Venezuelan journalism reshapes its migration coverage through projects born from and for migrants

Starting from the top of South America, they radiated out to the corners of the continent. From their homes in Venezuela to temporary havens in Colombia, Peru, Argentina and the U.S.

They are part of the 5.4 million refugees and migrants from Venezuela worldwide. But, they are also storytellers, and have found ways to create journalistic projects in their host countries to integrate, train or provide quality information to those who are going through migratory processes.

These projects have also meant for their founders a way to keep doing journalism and stay connected with Venezuelan events. Migrant status makes it difficult to legally practice the profession due to a number of requirements or conditions. According to a report published in 2020 by the organization Acción Contra el Hambre on the employment conditions of Venezuelans in Peru, “more than 80 percent of migrants work in unstable, insecure jobs and without access to any type of labor rights or social benefit.”

In this context, LatAm Journalism Review (LJR) spoke with the leaders of four journalistic projects born from and for Venezuelan migration: Capsula Migrante, Semillero Migrante, Sho Soy de Venezuela and Venezuela Migrante.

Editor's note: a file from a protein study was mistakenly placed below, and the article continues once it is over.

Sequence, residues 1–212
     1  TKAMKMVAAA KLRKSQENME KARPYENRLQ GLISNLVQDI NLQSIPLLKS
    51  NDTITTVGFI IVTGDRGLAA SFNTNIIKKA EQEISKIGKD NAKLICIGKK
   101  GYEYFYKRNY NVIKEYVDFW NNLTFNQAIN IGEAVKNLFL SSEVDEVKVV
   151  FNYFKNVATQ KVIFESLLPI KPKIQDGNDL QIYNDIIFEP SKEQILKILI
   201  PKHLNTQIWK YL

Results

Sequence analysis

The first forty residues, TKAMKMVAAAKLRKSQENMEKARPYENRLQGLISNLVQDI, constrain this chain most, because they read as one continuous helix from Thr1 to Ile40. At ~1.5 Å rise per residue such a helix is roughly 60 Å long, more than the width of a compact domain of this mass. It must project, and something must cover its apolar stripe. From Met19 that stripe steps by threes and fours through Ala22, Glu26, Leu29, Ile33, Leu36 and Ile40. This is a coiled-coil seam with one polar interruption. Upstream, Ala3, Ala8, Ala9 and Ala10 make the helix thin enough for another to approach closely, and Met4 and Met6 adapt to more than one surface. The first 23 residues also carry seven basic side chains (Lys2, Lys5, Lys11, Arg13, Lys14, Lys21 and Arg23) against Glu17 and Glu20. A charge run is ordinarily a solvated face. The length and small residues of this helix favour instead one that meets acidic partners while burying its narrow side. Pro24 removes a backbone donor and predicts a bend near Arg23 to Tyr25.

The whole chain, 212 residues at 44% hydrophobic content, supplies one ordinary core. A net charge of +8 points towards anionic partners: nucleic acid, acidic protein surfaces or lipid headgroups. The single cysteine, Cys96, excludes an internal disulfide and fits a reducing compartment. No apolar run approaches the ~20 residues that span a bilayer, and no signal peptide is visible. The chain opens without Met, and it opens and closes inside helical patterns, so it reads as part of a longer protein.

Cápsula Migrante 

In April 2020, the founders of what would become Cápsula Migrante (Migrant Capsule) made a journalistic report for the digital media outlet Efecto Cocuyo  of Venezuela about the first Venezuelan who died in Peru as a result of COVID-19. There, they realized the informational need that migrants had in that Andean country.

Hector Villa y Pierina Sora

Hector Villa and Pierina Sora, founders of Cápsula Migrante (Courtesy)

"Before the pandemic, what the Peruvian media reported were negative aspects of migration, but when the mandatory quarantine arrived, that news focus disappeared and was not even considered, despite being a very vulnerable community that was quite affected by the situation,” Hector Villa, co-founder of Cápsula Migrante, said in an interview with LJR.